Space and national security

| November 23, 2017

In September 2017, at the International Astronautical Congress in Adelaide, the Commonwealth announced that it would establish an Australian space agency.  No details were given. When the agency will be set up, what it will do and how it will be structured remains to be determined.


Advocates have complained about the absence of an Australian space agency but few have asked why successive governments have not committed to an agency until now. There is an over-riding reason: Australia’s space journey, which began in the 1940s, has been and remains fundamentally a national security journey. Much of what was done and still occurs is shrouded in secrecy. In the first decades of the Cold War, Woomera was used by the United Kingdom to develop and test missiles designed to deliver atomic weapons. Since the 1960s, Australia has hosted ground stations that represent the long pole in the tent of the US alliance. Pine Gap is the compelling example.

In the wings, other Commonwealth agencies, notably Geoscience Australia, the Bureau of Meteorology and CSIRO have forged their own relationships with partner organisations, space agencies and other spatial data providers around the world.  They have gained access to satellite-derived data without having to accept the risks and costs associated with launch or with satellite operations.

Times, however, are changing. Smaller satellites are becoming more capable and there are many new entrants seeking to launch and operate satellites for commercial gain – notably in the telecommunications and space-based imagery markets.

Defence remains the heavy hitter in Australian space operations and capability development. This is where the money is – a three to four billion dollar program in space-based remote sensing for example is listed in the current investment program.  The discretions of the new space agency are likely to be strongly influenced by Defence and national security imperatives.  

In space, there is nowhere to hide but in plain sight and, as Defence moves to develop sovereign capabilities, it will need a civil program to provide cover and plausible deniability for at least some of its activities.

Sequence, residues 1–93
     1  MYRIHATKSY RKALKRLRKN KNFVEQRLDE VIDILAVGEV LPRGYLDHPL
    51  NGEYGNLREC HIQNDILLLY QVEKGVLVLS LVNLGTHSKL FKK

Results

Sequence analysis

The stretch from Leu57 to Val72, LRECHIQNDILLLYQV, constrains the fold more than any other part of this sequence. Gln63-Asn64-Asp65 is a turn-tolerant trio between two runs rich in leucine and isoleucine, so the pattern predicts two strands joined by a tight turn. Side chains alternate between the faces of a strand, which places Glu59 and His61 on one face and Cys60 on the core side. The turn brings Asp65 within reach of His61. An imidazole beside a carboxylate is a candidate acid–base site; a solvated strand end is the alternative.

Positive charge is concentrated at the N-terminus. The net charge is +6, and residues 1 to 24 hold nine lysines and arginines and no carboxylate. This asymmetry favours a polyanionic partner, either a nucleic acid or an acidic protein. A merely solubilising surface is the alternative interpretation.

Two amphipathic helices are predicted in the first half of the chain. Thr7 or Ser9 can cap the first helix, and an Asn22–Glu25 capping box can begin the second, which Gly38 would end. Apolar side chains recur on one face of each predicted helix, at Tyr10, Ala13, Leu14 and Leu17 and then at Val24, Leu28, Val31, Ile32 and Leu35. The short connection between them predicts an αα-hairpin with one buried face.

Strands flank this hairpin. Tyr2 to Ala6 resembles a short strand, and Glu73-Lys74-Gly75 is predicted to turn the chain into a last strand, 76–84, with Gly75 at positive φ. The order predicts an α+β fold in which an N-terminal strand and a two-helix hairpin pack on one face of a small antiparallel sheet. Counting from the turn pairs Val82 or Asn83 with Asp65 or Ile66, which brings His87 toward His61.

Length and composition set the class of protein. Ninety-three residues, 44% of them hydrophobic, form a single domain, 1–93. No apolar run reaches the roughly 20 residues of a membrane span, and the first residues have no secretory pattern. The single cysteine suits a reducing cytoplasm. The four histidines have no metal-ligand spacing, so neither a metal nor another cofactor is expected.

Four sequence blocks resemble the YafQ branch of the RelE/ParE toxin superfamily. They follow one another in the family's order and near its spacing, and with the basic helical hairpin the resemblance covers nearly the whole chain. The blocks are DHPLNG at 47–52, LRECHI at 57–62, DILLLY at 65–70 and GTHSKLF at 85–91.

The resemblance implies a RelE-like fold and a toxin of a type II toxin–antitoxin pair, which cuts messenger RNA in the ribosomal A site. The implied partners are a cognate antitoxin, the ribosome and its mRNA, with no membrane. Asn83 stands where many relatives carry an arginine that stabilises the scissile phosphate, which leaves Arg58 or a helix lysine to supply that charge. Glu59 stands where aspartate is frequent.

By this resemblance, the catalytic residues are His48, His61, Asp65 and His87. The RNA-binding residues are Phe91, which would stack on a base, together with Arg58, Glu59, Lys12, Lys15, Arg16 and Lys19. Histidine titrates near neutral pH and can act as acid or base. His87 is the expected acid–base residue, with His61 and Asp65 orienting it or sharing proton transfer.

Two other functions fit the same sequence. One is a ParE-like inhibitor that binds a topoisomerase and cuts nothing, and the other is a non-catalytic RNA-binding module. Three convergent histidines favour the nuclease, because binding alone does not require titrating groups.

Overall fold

The space agency is likely to serve as a development vector for a local space industry and almost certainly some niche technologies will be developed that will ‘fly’ in space. The real potential, in terms of new jobs, however, lies in ground-based applications that use data from numerous sources, including satellites, to enable myriad human activities on Earth to become more efficient and effective.

Space is inherently ‘dual use’ – meaning space technologies have both military and civil/commercial application. The small domestic market will compel Australian space companies to seek export markets, access to which may be constrained by tight export controls.    

Australia needs the space agency, first and foremost, to provide national and international leadership and add an authoritative Australian voice into the increasingly complex and contested world of global space governance.

Secondly, the agency might sensibly coordinate Commonwealth satellite investments, notably in Earth observation and also lead on matters concerning space situational awareness and space traffic management as all satellite operators confront the challenge posed by space debris.  

In this context there is potential for Australia to play a unique and helpful role in global space governance because of our location in the southern hemisphere and our status as a middle-sided, technologically advanced power. Australia is not a strategic competitor to the major space powers. With care, we can promote the transparency and confidence building measures that are so desperately needed to ensure that the space environment remain safe and accessible to all.

The national and global space community will be watching the May 2018 Budget to better understand  the Commonwealth’s ambitions for the Australian space agency.

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Brett Biddington

Brett Biddington owns a space and cyber security consulting company and led the delivery team for the International Astronautical Congress in Adelaide in 2017.

One Comment

  1. Alan Douglas

    November 24, 2017 at 9:19 am

    A lot of the major advances I technology have been driven by paranoia – the military have most of the money to spend and do so with great abandon. Only one person who walked on the Moon was non military, and he made it because of the sudden illness of another crew member. This is the reason so much scientific information was missed – the crews just did not have the expertise to do the job properly.
    We also pour millions into our military – ships, planes, tanks, etc. and yet are still not able to adequately patrol our own coastline. Tonnage-wise, the Indonesian navy is bigger than ours.
    Sure, space is the next big frontier; but militarily? I sincerely hope not. What a waste that would be. Private operators are now achieving advances NASA could only dream about a few years back – reusable launch systems, the soon to be launched giant rocket to place equipment on Mars and return. Maybe we should be thinking more about helping with the software and analysis of the data which will start coming back from future Moon, Mars and other landings: this is where we have shown our strength lies.